SoTransferFunction Class Reference

Large Data Management Describes the association between data set values and colors. More...

#include <LDM/nodes/SoTransferFunction.h>

Inheritance diagram for SoTransferFunction:
SoNode SoFieldContainer SoBase SoRefCounter SoTypedObject

List of all members.

Public Types

enum  PredefColorMap {
enum  ColorMapType {

Public Member Functions

virtual SoType getTypeId () const
 SoTransferFunction ()
SbBool hasTransparency () const
virtual SbBool loadColormap (const SbString &filename)

Static Public Member Functions

static SoType getClassTypeId ()

Public Attributes

SoSFInt32 transferFunctionId
SoSFInt32 shift
SoSFInt32 offset
SoSFInt32 minValue
SoSFInt32 maxValue
SoSFFloat fauxShadingLength
SoSFFloat fauxShadingStrength
SoSFFloat fauxShadingDarkenThreshold
SoSFEnum predefColorMap
SoSFEnum colorMapType
SoMFFloat colorMap
SoMFFloat actualColorMap


SoDEPRECATED void reMap (int min, int max)

Detailed Description

Large Data Management Describes the association between data set values and colors.

This node defines a mapping from a range of scalar values to a set of color and alpha (inverse of transparency) values.

SoTransferFunction has no effect on rendering an RGBA volume (SoVolumeData::dataRGBA field contains TRUE). In this case the voxel values are explicitly color values already.

Data range

The range of scalar values is specified by an SoDataRange node. If the application does not provide an SoDataRange node, then the full range of the volume's data type is mapped into the color map. This can be appropriate and convenient for 8-bit (byte) data, but is usually incorrect for larger data types, especially float values. For example, DICOM data is normally stored in 16-bit voxels, which would have a default data range of 0..65535 (or -32767..32767 if signed). To get the correct image in this case the application should create an an SoDataRange node and set the data range to the actual range of data values, for example 0..4095. If the actual range is not known, the min and max values can be queried using the SoVolumeData getMinMax methods. Note that the minValue and maxValue fields of this node have a different meaning that is described later. An example data-to-color-mapping looks like this:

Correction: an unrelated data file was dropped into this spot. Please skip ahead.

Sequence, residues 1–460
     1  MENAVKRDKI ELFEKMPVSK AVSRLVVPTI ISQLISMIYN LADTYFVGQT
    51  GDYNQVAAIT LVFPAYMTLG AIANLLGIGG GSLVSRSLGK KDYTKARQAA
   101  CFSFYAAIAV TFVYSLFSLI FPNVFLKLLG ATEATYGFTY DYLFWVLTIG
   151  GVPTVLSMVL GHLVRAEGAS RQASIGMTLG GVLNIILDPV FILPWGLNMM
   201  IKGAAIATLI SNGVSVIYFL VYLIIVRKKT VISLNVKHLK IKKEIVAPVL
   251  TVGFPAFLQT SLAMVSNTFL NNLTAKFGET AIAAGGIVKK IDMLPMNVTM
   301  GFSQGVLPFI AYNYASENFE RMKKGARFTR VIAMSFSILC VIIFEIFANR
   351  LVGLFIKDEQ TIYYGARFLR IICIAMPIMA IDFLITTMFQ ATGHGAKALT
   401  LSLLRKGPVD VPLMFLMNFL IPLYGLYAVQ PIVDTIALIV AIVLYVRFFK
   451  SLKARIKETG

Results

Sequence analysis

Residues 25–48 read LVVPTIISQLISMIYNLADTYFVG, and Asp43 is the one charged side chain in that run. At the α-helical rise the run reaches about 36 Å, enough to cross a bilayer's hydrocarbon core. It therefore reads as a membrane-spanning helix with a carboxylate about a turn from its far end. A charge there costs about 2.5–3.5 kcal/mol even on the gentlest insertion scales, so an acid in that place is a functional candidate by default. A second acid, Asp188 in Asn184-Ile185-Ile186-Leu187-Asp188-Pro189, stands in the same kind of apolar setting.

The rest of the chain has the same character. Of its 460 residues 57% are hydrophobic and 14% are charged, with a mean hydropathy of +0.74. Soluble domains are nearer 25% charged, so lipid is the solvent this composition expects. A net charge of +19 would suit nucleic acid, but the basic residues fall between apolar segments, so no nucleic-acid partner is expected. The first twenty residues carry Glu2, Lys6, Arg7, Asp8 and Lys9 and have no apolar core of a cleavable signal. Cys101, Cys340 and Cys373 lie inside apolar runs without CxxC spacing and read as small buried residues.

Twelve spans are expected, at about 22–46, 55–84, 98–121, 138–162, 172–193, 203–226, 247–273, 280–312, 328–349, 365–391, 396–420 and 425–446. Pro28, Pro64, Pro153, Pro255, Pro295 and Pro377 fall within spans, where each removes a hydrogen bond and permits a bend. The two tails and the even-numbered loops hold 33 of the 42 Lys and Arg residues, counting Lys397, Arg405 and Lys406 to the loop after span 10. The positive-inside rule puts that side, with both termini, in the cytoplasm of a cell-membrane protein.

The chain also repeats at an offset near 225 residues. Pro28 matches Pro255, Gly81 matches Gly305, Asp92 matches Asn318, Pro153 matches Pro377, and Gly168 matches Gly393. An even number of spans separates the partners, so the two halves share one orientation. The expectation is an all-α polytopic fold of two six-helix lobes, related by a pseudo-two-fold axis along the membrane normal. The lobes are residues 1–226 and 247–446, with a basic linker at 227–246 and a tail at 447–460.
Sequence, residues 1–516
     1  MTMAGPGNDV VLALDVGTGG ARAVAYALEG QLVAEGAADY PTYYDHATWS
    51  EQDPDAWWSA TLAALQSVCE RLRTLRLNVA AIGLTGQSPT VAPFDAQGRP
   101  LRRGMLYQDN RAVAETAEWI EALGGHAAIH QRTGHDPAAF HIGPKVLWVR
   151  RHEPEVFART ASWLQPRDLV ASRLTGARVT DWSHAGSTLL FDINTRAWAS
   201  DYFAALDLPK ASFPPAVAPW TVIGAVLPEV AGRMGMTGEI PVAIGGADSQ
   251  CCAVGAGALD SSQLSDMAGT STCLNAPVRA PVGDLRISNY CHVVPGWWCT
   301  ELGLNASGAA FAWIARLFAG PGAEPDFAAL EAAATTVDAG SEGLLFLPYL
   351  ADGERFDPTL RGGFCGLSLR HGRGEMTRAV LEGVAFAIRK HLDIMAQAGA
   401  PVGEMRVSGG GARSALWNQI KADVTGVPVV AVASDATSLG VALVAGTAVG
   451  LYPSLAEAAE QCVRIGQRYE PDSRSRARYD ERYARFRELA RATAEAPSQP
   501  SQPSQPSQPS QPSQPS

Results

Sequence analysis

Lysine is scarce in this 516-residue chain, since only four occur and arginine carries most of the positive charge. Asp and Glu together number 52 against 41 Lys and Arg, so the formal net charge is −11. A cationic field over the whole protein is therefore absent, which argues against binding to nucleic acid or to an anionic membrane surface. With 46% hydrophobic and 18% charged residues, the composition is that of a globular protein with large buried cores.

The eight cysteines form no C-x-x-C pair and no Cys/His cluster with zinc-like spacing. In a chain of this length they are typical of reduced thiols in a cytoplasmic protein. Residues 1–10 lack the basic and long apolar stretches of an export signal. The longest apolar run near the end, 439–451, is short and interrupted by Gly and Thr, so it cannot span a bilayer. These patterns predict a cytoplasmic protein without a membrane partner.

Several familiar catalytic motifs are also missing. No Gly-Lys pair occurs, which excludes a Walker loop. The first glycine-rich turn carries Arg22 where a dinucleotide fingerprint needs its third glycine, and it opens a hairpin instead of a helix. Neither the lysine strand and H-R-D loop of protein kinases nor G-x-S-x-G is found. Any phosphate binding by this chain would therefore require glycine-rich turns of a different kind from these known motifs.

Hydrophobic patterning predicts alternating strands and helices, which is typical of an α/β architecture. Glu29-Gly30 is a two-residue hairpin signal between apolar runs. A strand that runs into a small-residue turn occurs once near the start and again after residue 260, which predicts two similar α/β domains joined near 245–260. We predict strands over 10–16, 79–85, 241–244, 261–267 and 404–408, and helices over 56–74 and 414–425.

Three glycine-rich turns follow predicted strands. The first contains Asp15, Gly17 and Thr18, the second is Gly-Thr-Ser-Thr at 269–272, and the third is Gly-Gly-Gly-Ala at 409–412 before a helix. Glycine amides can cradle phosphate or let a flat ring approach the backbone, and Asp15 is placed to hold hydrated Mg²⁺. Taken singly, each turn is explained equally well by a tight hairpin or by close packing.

Color maps

If no transfer function has been specified, VolumeViz rendering nodes automatically use the predefined GRAY color map. In this color map all the color values are 1,1,1 (full white) and the alpha values are a linear ramp from 0 to 1. This can be a useful starting point for volume rendering.

To use one of the predefined color maps, set the predefColorMap to a valid value other than NONE, for example INTENSITY. In this color map the color values are a linear ramp from 0 to 1 and all alpha values are 1 (full opaque). This can be a useful starting point for slice rendering.

To create a custom color map, set the predefColorMap field to NONE, set the colorMapType field to the appropriate type (RGBA is the default and most commonly used), then set the color map values in the colorMap field. The colorMap field contains an array of float values in the range [0,1]. The number of float values needed depends on the colorMapType. It is equal to the number of colors in the color map multiplied by the number of components in each color. An ALPHA color map has one component per color, a LUM_ALPHA (Luminance plus Alpha) color map has two components per color and an RGBA color map has four components per color. For example, for an RGBA color map of length N, there must be 4*N float values in the field.

As usual with SoMF fields, memory is automatically allocated as needed if you set the values one at a time using the set1Value() method. This is convenient, but very inefficient. If you must set values one at a time, use the setNum() method to pre-allocate enough memory for all the float values. There is another reason not to set values one at a time. Changing a value in the colorMap field automatically updates the actualColorMap field on each change. To avoid performance problems, we recommend using the setValues() or setValuesPointer() method to create the color map.

     // Create a "reversed" INTENSITY color map using RGBA values
     const int numColors = 256;
     SbColorRGBA* colors = new SbColorRGBA[numColors];
     for (int i = 0; i < numColors; ++i) {
       float intensity = (numColors - i)/(float)numColors;
       colors[i].setValue( intensity, intensity, intensity, 1 );
     SoTransferFunction* tf = new SoTransferFunction();
     tf->predefColorMap = SoTransferFunction::NONE;
     tf->colorMap.setValues( 0, 4*numColors, (float*)colors );
     delete [] colors;

It is also possible to load a color map from a file using the loadColormap() method. Currently the only supported file format is Avizo color map (.am or .col).